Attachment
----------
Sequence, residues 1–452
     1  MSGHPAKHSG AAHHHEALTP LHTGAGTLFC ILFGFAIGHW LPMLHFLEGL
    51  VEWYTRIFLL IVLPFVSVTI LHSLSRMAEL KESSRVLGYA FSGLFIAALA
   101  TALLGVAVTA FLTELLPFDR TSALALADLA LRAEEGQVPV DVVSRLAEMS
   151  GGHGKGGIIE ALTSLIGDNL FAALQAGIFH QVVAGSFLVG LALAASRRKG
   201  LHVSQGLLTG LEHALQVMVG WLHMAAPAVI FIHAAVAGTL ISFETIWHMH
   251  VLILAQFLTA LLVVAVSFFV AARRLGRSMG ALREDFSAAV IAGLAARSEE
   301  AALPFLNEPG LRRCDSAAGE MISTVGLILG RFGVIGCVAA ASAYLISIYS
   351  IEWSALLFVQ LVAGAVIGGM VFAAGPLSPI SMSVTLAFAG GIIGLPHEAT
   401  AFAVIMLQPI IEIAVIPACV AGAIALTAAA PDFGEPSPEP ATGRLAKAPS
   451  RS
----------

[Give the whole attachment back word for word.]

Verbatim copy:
Sequence, residues 1–452
     1  MSGHPAKHSG AAHHHEALTP LHTGAGTLFC ILFGFAIGHW LPMLHFLEGL
    51  VEWYTRIFLL IVLPFVSVTI LHSLSRMAEL KESSRVLGYA FSGLFIAALA
   101  TALLGVAVTA FLTELLPFDR TSALALADLA LRAEEGQVPV DVVSRLAEMS
   151  GGHGKGGIIE ALTSLIGDNL FAALQAGIFH QVVAGSFLVG LALAASRRKG
   201  LHVSQGLLTG LEHALQVMVG WLHMAAPAVI FIHAAVAGTL ISFETIWHMH
   251  VLILAQFLTA LLVVAVSFFV AARRLGRSMG ALREDFSAAV IAGLAARSEE
   301  AALPFLNEPG LRRCDSAAGE MISTVGLILG RFGVIGCVAA ASAYLISIYS
   351  IEWSALLFVQ LVAGAVIGGM VFAAGPLSPI SMSVTLAFAG GIIGLPHEAT
   401  AFAVIMLQPI IEIAVIPACV AGAIALTAAA PDFGEPSPEP ATGRLAKAPS
   451  RS